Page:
Turmeric, a Potent Anti Inflammatory and Antioxidant.

If you read any kind of health magazine or other you will have heard a lot lately about turmeric. But what is it, why is it good for you and how can you add it to your diet?

Turmeric is native to South West India and is a rhizomatous, herbaceous, perennial plant related to ginger.

Most of us would be familiar with the dried powder used in spicy foods such as curries. It is also used as a dye (for monks’ robes) and a colouring agent for some foods. Particularly used in mustards and pickles to keep that lovely yellowy colour.

The powder we mostly know is prepared by boiling the roots, drying them in a hot oven, and then grinding them to a powder.

The most important compound in turmeric is Curcumin. 

Curcumin is known to be a potent antioxidant and anti-inflammatory agent. It also contains Manganese, Zinc, B Vitamins and Iron.

 If you want to know more about eating more antioxidants for a healthy heart listen in here to Angela Jackson from Natural Heart Health

Because of it’s antioxidant and anti inflammatory properties it can be used with great effect in many chronic conditions. There are many studies into the effects of curcumin, the majority of which have been on animals. Human research articles are still in their infancy but they are showing some promise. Like most translations from natural medicines it takes a long time. The most interesting of the research articles  are around arthritis and cancer where taking curcumin daily has significantly improved these conditions. Most of the Arthritis organisations recommend you try Turmeric to see if it helps you.

A 2012 study of the efficacy and safety of curcumin in arthritis found a statistically significant improvement in Disease Activity Scores and the American College of Rheumatology criteria. These patients were taking 500mg daily. (1)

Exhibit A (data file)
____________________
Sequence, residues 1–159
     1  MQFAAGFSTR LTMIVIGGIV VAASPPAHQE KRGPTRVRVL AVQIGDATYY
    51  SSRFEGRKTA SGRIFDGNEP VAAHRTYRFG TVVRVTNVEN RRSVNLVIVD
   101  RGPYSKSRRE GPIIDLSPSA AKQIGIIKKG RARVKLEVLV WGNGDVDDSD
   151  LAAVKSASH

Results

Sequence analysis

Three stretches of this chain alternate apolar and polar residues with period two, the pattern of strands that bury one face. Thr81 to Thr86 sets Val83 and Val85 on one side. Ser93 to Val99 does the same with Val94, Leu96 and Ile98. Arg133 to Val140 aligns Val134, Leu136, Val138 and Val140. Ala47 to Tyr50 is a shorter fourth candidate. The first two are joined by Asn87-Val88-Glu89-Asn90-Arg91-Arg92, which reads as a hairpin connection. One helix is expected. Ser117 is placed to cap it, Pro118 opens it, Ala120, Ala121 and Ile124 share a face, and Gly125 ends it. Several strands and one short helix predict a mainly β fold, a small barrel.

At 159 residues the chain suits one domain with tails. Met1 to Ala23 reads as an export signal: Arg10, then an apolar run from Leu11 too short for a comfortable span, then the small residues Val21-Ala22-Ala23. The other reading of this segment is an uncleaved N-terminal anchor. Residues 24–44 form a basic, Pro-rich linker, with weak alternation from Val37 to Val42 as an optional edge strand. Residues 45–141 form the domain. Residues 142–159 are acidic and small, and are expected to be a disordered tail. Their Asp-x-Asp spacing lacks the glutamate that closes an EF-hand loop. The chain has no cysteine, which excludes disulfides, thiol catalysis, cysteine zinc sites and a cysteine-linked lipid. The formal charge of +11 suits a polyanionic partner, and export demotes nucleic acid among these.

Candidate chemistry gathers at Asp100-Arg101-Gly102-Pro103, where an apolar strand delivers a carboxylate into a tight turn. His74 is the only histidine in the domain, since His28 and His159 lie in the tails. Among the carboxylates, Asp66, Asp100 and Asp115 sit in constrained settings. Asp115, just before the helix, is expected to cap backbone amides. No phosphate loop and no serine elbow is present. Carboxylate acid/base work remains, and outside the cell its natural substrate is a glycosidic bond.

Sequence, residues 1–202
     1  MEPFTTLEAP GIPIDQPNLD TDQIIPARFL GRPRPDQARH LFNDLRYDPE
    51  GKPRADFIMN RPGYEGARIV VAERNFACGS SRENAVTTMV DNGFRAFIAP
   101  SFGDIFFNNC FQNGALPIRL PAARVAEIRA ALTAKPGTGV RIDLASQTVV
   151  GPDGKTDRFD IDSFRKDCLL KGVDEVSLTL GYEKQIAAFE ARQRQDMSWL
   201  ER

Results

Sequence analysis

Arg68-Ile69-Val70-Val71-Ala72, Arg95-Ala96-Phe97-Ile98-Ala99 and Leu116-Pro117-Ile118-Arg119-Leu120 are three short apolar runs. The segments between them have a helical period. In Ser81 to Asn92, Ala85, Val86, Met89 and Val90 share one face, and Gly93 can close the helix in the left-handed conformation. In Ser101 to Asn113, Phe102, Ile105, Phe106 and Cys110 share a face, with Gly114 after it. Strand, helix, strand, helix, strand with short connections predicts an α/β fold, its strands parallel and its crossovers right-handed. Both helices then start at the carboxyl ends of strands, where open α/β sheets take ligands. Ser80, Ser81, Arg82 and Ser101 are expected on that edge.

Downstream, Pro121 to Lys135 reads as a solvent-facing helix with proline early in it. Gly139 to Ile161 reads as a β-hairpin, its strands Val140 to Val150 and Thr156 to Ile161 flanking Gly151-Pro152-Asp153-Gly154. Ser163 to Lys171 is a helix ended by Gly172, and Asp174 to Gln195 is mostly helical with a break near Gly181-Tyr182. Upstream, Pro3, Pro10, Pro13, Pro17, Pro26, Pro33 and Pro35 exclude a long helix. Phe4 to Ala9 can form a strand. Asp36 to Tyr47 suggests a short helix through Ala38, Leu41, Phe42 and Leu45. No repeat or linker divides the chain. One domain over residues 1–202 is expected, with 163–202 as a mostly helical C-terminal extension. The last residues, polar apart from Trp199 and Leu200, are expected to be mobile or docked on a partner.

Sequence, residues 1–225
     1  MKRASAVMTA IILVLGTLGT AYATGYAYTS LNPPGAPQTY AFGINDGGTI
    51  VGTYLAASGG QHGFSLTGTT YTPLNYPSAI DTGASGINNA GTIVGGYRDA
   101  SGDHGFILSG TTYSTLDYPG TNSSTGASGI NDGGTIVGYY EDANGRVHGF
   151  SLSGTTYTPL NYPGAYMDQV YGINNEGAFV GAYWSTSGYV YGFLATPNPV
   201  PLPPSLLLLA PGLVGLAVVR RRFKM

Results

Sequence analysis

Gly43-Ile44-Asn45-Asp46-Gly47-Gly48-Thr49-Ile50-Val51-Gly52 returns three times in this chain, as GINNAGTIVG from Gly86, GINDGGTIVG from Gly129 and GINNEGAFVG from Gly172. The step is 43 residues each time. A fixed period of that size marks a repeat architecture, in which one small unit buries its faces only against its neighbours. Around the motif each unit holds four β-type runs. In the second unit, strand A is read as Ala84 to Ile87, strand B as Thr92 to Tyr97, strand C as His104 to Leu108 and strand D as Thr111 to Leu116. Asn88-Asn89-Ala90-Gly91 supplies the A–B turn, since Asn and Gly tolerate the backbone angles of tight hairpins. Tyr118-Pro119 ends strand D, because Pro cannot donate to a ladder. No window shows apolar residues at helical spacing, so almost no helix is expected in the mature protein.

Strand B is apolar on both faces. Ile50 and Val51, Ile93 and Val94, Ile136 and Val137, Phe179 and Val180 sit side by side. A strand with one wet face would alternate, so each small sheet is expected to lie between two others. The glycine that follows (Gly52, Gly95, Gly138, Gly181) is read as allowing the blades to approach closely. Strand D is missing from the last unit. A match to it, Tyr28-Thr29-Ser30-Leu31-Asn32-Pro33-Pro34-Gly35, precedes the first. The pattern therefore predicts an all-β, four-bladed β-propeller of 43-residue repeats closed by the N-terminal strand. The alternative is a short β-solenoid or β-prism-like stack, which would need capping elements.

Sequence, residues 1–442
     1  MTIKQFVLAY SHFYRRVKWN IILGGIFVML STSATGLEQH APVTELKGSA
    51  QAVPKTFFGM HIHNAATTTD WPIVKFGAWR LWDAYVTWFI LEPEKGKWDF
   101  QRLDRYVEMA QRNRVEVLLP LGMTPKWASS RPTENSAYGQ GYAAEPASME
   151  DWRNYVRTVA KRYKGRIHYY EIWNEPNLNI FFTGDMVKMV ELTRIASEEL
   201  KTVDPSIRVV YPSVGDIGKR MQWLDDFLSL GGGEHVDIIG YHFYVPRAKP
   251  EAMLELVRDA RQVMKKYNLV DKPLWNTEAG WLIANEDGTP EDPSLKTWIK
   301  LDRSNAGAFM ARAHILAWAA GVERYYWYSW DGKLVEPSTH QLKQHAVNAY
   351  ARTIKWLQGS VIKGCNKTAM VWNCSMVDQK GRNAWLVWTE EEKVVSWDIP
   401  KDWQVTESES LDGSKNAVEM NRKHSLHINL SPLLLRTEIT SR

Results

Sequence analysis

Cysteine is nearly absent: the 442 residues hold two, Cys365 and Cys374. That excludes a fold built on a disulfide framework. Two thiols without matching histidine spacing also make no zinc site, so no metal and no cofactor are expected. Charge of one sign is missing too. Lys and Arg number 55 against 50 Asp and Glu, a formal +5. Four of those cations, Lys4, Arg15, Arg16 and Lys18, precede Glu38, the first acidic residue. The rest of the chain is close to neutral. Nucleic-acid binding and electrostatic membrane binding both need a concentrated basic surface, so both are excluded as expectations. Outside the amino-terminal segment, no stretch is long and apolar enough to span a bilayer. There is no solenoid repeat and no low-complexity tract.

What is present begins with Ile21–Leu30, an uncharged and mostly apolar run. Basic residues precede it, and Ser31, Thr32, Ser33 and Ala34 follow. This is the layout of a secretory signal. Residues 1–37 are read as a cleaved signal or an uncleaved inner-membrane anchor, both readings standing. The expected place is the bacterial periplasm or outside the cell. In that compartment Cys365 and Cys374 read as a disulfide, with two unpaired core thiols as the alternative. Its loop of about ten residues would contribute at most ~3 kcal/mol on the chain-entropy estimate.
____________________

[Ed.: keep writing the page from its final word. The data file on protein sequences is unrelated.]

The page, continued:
Where a 2011 publication in the Journal of Cancer Prevention Research cited a 40% reduction in ACI (Abberant Crypt Foci), these are substances that can grow and spread cancerous cells. This was at a dose of 4g per day, lower doses did not have any statistical effect. (2)

Unfortunately the amount of curcumin found in the food where it has been added as a spice or colouring agent is not very high. So if you think it might be helpful to you then it is recommended that you take it as a higher dose as:

  • A supplement in a capsule.
  • Make a tea, Steep a root 1-1.5 g, in hot water for 15 minutes twice a day, you can add some fresh ginger and lemon as well  or
  • ½ tablespoon of oil 3 times per day.

If you are after all round good health  adding some to your diet is a really good step in the right direction.

NB Curcumin can interfere with your blood thinning drugs so if you are taking warfarin or anything like that it would be best to check with your health care practitioner before adding turmeric as a supplement.

 (1) CHANDRAN B ET AL PHYTOTHERAPY RESEARCH, VOLUME 26, ISSUE 11, PGS 1719-1725, NOVEMBER 2012
(2) CARROLL ROBERT E ET AL, JOURNAL OF CANCER PREVENTION RESEARCH, 4(3) MARCH 2011.